There is a higher risk of congenital abnormalities and the need for resuscitation in babies born to mothers with obstructive sleep apnea (OSA), a new study finds.
Preliminary results of this research on babies born to mothers with OSA show the following:
- 3% of newborns were more likely to be admitted to the intensive care unit
- 9% of newborns would be admitted to the special care nursery
- Newborns were 2.76 times more likely to need resuscitation immediately after birth
- They were 2.25 times more likely to have a prolonged hospital stay
- 26% of the babies had an elevated risk of congenital anomalies
Lead investigator and author, Dr. Ghada Bourjeily, who is an associate professor at Brown University and the Women’s Medicine Collaborative in Providence, Rhode Island’s Miriam Hospital, noted that these results show that when compared to babies born to moms without OSA, these neonates were more likely to need resuscitation at birth, be born preterm, and need a prolonged stay in the neonatal intensive care unit.
Researchers gathered data from the National Perinatal Information Center. With this information, a team led by Dr. Bourjeily reviewed greater than 1.4 million records from mothers and newborns with a delivery hospitalization between the years 2010 and 2014. Fewer than 1% of the mothers analyzed had an obstructive sleep apnea diagnosis coded in their records; however, it is notable that mothers who did have the OSA diagnosis were more likely to be obese, have pre-gestational diabetes and hypertension.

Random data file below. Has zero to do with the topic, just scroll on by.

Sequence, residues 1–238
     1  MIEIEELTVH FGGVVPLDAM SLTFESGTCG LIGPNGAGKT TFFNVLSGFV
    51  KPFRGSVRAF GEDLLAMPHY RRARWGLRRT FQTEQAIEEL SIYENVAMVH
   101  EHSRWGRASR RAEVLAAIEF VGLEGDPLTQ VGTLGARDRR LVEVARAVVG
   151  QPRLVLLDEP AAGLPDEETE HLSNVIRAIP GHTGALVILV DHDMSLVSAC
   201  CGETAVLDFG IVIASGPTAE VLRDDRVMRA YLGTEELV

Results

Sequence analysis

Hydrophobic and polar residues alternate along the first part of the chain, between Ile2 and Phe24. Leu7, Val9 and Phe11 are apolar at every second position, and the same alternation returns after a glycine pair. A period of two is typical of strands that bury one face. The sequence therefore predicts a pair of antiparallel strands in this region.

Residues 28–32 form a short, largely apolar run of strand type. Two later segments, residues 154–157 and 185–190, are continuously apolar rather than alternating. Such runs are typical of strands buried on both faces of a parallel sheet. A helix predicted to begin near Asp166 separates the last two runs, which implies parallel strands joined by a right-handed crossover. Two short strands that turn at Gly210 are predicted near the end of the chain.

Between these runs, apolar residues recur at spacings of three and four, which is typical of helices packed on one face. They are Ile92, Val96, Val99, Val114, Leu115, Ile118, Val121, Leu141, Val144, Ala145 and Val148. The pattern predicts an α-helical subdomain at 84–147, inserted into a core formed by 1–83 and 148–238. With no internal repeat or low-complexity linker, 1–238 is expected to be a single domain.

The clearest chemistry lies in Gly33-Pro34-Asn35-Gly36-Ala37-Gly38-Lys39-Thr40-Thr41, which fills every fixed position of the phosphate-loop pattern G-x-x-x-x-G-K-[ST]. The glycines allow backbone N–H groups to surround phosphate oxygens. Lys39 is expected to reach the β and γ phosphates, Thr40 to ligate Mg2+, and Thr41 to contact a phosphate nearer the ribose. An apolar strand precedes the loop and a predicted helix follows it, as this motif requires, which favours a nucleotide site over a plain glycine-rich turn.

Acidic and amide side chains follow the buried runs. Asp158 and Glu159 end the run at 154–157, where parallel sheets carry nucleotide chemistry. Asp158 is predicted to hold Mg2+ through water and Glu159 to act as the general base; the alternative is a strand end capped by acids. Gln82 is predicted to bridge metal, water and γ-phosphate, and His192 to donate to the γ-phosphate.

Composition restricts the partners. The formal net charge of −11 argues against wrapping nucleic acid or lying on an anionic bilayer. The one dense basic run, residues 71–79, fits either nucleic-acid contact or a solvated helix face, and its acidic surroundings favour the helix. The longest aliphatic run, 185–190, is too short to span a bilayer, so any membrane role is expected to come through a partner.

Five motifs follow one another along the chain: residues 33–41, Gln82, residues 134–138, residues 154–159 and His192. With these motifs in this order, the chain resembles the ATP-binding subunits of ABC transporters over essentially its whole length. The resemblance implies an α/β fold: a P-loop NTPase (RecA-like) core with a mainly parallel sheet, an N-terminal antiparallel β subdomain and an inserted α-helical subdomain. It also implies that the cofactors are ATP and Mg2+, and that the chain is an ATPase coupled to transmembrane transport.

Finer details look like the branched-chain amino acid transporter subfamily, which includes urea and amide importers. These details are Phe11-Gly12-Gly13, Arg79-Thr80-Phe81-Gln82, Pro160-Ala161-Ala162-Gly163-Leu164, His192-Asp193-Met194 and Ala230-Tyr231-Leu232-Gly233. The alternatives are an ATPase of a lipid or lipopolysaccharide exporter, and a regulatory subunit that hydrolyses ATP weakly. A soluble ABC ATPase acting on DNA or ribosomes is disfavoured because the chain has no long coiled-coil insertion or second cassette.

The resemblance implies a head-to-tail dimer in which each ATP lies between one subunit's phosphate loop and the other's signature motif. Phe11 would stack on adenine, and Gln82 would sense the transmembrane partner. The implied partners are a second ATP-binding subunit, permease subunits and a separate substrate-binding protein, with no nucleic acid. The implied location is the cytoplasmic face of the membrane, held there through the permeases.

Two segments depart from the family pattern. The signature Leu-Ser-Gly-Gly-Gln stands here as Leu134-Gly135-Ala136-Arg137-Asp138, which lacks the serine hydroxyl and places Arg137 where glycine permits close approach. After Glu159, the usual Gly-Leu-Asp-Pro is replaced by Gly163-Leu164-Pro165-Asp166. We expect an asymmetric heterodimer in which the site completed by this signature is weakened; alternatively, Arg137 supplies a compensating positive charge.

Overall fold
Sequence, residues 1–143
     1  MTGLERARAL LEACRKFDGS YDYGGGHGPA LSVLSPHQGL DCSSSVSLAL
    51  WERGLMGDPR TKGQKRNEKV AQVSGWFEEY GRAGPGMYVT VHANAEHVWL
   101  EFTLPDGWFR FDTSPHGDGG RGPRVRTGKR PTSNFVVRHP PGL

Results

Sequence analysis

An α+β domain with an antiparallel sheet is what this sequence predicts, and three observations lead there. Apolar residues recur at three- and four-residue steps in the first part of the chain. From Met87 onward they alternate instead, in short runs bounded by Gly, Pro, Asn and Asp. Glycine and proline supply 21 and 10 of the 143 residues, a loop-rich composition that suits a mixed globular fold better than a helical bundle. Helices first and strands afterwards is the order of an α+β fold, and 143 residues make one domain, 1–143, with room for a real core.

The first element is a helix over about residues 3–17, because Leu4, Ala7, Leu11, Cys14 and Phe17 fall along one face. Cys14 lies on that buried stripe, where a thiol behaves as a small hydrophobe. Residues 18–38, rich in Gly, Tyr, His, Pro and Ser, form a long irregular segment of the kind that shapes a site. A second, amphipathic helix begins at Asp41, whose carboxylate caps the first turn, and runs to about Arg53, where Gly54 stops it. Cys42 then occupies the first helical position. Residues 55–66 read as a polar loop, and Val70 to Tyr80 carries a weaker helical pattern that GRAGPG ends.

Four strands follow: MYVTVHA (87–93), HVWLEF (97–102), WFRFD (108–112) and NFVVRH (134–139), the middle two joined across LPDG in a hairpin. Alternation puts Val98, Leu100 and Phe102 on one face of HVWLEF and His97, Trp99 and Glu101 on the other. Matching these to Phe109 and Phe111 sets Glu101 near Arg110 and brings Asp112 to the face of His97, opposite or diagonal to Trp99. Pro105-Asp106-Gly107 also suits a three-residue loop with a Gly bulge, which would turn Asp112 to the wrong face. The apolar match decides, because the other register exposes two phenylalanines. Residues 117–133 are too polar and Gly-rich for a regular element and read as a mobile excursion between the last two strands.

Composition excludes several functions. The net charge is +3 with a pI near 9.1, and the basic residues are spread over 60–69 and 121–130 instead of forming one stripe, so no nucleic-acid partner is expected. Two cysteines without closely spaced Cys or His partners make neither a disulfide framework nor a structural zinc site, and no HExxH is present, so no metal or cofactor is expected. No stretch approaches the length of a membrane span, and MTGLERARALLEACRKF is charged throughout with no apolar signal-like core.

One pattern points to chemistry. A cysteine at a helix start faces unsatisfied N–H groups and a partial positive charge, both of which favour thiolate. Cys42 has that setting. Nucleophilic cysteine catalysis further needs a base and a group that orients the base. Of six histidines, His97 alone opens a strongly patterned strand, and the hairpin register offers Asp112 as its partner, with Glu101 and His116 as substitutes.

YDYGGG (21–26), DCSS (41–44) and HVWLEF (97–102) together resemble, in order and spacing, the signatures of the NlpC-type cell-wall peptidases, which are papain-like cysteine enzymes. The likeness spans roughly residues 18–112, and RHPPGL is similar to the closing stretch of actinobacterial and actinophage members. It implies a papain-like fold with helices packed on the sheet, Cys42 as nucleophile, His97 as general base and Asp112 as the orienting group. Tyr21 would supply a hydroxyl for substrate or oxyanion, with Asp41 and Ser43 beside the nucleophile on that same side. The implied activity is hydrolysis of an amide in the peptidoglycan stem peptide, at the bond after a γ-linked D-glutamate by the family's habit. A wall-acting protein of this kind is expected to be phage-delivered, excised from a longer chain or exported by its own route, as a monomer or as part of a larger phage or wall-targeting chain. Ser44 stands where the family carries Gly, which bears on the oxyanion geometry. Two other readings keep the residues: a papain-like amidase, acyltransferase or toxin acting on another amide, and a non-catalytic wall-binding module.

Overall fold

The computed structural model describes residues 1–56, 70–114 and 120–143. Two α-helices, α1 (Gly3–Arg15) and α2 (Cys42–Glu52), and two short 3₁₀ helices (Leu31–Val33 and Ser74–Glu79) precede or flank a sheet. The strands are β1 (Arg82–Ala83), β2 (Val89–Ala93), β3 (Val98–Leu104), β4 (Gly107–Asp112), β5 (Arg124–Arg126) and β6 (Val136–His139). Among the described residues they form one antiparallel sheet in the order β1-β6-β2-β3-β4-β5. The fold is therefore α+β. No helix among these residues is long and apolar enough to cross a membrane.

Dr. Bourjeily noted that these findings are significant because they add to the understanding about the risk of morbidity from maternal sleep apnea in both the baby and the mom. Additionally, the study highlights how important it is to detect the condition as early as possible in pregnancy and test whether therapy is beneficial to both patients and determine if it has any effect on the complications.
The abstract was recently published in the online supplement of SLEEP. Dr. Bourjeily will present the findings on June 4 at the SLEEP 2017 Annual Meeting of the Associated Professional Sleep Societies, LLC (APSS) in Boston.
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